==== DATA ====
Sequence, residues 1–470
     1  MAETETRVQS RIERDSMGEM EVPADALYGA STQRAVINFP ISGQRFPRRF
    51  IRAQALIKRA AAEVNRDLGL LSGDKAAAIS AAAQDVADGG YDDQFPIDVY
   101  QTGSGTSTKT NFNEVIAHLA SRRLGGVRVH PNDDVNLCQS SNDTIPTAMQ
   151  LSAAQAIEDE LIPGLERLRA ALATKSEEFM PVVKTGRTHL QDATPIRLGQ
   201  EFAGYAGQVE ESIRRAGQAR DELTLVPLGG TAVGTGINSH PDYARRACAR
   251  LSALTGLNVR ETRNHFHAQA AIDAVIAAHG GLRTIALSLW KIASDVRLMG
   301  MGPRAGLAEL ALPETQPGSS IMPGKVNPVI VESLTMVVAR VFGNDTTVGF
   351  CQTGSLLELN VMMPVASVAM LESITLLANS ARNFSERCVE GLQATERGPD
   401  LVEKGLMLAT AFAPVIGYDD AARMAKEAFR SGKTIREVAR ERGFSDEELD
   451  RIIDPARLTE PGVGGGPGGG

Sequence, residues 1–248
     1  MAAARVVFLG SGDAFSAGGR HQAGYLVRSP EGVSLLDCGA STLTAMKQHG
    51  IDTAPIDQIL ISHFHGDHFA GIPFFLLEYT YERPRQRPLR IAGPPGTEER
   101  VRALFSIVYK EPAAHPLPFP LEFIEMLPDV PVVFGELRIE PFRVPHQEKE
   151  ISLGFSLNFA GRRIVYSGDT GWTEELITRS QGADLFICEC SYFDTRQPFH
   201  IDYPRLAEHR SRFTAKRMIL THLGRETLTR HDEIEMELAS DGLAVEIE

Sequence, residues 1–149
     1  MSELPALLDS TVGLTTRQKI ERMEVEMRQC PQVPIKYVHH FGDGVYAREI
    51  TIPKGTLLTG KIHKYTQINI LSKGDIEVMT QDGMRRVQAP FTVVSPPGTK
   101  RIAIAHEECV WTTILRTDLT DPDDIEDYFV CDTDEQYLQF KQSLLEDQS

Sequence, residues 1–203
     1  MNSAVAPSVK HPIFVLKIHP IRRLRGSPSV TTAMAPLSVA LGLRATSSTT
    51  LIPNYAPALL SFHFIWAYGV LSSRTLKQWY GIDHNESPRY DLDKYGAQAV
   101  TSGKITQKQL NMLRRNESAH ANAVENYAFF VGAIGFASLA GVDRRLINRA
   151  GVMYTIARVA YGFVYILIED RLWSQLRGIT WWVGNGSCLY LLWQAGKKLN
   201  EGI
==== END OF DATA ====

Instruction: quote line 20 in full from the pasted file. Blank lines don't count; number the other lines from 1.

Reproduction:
    51  TIPKGTLLTG KIHKYTQINI LSKGDIEVMT QDGMRRVQAP FTVVSPPGTK